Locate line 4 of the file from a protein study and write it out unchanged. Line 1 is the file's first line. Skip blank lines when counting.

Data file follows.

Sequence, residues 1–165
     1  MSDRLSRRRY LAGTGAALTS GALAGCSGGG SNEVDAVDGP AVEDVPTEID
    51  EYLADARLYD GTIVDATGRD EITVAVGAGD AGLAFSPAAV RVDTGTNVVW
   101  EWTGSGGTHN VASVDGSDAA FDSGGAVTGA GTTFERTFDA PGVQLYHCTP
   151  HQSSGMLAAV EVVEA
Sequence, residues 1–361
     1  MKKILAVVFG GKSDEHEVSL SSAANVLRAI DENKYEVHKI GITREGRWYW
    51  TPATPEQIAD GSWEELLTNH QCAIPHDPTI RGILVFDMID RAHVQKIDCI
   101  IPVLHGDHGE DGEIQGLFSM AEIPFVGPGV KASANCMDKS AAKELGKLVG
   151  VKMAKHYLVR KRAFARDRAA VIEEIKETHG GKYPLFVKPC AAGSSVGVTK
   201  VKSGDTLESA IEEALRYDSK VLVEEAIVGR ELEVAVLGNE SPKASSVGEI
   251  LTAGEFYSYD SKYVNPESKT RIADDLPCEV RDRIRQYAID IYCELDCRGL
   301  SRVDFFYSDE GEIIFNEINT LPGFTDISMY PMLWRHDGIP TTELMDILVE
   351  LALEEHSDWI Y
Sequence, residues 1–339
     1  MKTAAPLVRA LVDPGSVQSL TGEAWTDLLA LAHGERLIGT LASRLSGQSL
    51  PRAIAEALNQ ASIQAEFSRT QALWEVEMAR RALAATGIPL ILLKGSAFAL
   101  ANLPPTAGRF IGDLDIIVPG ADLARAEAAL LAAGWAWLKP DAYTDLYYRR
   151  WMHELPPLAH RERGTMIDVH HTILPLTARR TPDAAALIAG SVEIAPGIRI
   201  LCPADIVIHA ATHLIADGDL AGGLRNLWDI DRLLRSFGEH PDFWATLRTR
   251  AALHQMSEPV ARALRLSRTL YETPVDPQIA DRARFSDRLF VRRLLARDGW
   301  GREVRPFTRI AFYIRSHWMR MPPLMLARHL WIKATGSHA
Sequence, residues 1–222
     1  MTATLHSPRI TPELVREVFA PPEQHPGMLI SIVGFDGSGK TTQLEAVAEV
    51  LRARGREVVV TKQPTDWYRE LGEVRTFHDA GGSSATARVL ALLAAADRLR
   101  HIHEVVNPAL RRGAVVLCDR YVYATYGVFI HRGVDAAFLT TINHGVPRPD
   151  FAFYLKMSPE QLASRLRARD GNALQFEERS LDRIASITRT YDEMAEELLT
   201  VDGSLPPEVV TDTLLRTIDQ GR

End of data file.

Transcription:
   101  EWTGSGGTHN VASVDGSDAA FDSGGAVTGA GTTFERTFDA PGVQLYHCTP